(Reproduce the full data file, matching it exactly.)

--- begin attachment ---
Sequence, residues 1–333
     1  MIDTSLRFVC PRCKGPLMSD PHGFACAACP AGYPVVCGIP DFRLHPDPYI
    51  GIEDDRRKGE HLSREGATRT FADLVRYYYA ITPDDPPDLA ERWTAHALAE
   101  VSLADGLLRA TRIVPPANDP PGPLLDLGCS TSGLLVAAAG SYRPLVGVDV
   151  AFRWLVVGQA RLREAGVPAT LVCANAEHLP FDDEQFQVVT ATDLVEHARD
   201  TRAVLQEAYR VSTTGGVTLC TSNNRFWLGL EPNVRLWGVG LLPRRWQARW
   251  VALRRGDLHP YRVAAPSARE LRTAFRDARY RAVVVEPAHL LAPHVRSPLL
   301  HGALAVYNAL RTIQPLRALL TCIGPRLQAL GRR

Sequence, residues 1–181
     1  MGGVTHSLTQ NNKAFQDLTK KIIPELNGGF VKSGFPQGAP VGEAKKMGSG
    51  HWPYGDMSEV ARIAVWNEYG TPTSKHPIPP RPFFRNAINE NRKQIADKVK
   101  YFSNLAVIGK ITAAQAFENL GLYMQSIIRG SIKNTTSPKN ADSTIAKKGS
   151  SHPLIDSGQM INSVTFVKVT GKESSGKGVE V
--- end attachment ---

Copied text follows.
Sequence, residues 1–333
     1  MIDTSLRFVC PRCKGPLMSD PHGFACAACP AGYPVVCGIP DFRLHPDPYI
    51  GIEDDRRKGE HLSREGATRT FADLVRYYYA ITPDDPPDLA ERWTAHALAE
   101  VSLADGLLRA TRIVPPANDP PGPLLDLGCS TSGLLVAAAG SYRPLVGVDV
   151  AFRWLVVGQA RLREAGVPAT LVCANAEHLP FDDEQFQVVT ATDLVEHARD
   201  TRAVLQEAYR VSTTGGVTLC TSNNRFWLGL EPNVRLWGVG LLPRRWQARW
   251  VALRRGDLHP YRVAAPSARE LRTAFRDARY RAVVVEPAHL LAPHVRSPLL
   301  HGALAVYNAL RTIQPLRALL TCIGPRLQAL GRR

Sequence, residues 1–181
     1  MGGVTHSLTQ NNKAFQDLTK KIIPELNGGF VKSGFPQGAP VGEAKKMGSG
    51  HWPYGDMSEV ARIAVWNEYG TPTSKHPIPP RPFFRNAINE NRKQIADKVK
   101  YFSNLAVIGK ITAAQAFENL GLYMQSIIRG SIKNTTSPKN ADSTIAKKGS
   151  SHPLIDSGQM INSVTFVKVT GKESSGKGVE V